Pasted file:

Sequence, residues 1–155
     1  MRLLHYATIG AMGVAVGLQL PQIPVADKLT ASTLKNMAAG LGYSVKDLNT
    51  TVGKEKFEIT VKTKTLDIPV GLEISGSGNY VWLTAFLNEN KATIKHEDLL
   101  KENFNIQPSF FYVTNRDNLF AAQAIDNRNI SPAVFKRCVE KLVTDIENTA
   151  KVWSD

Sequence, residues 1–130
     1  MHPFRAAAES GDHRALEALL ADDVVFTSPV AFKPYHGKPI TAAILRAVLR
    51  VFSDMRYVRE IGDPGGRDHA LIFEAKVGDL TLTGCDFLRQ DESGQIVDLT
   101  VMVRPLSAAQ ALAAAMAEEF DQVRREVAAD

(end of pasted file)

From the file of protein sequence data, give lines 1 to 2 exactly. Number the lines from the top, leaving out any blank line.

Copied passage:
Sequence, residues 1–155
     1  MRLLHYATIG AMGVAVGLQL PQIPVADKLT ASTLKNMAAG LGYSVKDLNT